Originally provided by DC Comics (Sept. 9, 2022)
Batman Day 2022 is fast approaching, so there’s no better time to crack open our vast library at DC Universe Infinite and read yourself some Batman comics. Whether you first encountered the Dark Knight through movies, television, video games or somebody’s sick tattoo, there’s no wrong way to take your first steps into Gotham City. But with thousands of comics at your fingertips, it can be pretty daunting knowing where to get started. That’s why I’d like to offer a personal recommendation to any Batman fans delving into the comics for the first time—begin your Batman adventures with The Batman Adventures.
The Batman Adventures is your perfect on-ramp to Batman comics to this very day because that’s exactly what it was designed for—albeit in a somewhat different context. In 1992, Batman: The Animated Series left its mark on a generation of viewers, instantaneously minting millions of new Batman fans over its TV run. Much has been written about what makes that show such a special and essential take on Batman and his world. (If you’re not familiar, you can watch the whole thing right now on HBO Max.) Regardless, the Batman Adventures series was a line of comics released concurrently with the show, channeling the aesthetics and narrative tone of the show into the comic book format to ease all these new followers of Batman into the medium from whence he came.
In execution, however, the talents behind this tie-in comic created something much greater. By translating what many Batman experts today consider the most essential version of Batman into comic book form, The Batman Adventures features a series of easy-to-read stories which essentially capture Batman as deftly as the show itself. Just jump in and you’ll get to see Batman and many of his closest allies and enemies express themselves in ways you’ll never forget.
Alongside a few special stories written by Batman: The Animated Series co-creator Paul Dini, most of the writing for this companion series represents some of the early work of Kelley Puckett. Cutting his teeth on a pitch-perfect tonal recreation of the show, Puckett would eventually go on from here to co-create two beloved characters: Batgirl Cassandra Cain and Green Arrow Connor Hawke. Just give Puckett’s name in any deep-in-the-paint DC fan circle and you’re guaranteed instant credibility.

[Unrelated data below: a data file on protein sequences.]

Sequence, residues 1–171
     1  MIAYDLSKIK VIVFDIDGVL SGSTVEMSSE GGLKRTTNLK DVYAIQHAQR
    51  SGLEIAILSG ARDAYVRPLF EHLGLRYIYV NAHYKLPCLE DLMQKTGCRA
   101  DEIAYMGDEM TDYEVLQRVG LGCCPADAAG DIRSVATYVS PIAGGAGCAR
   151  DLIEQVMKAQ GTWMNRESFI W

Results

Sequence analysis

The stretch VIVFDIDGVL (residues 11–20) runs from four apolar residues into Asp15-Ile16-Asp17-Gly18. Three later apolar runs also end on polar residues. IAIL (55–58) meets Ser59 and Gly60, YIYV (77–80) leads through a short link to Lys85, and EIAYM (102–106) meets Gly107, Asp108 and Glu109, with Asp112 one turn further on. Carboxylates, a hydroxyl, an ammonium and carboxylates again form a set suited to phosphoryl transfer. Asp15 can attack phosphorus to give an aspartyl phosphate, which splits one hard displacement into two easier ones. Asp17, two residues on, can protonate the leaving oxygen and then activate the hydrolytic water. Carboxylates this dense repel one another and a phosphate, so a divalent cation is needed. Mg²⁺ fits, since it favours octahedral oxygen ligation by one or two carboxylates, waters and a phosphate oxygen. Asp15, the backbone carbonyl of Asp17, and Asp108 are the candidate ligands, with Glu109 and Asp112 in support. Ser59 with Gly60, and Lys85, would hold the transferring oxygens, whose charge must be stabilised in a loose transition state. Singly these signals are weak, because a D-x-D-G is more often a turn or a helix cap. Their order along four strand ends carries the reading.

Ty Templeton, Brad Rader, Mike Parobeck and Rick Burchett all share art duties throughout the series, working studiously off Bruce Timm’s original models to capture the unique aesthetics of Gotham City in its most crystalline form—and Timm himself even stops by to pencil a few stories of his own.
The Batman Adventures don’t stop after this collection. For more great comics inspired by Batman: The Animated Series, you can go on to 1995’s Batman and Robin Adventures, where artist Ty Templeton expertly assumes writing duties; 1998’s Batman: Gotham Adventures, where Batgirl and Tim Drake join Batman in a direction reflecting The New Batman Adventures animated series; the return of the original title in 2003’s Batman Adventures; and the recent Batman: The Adventures Continue, in which Dini and Templeton introduce newer characters like Red Hood and the Court of Owls to Batman’s animated universe.
Read The Batman Adventures this weekend and you’ll be armed with the understanding of many of Gotham’s greatest heroes and villains for whichever Batman comic you pick up next.
Alex Jaffe is the author of our monthly "Ask the Question" column and writes about TV, movies, comics and superhero history for DCComics.com. Follow him on Twitter at @AlexJaffe and find him in the DC Community as HubCityQuestion. NOTE: The views and opinions expressed in this feature are solely those of Alex Jaffe and do not necessarily reflect those of DC Entertainment or Warner Bros.
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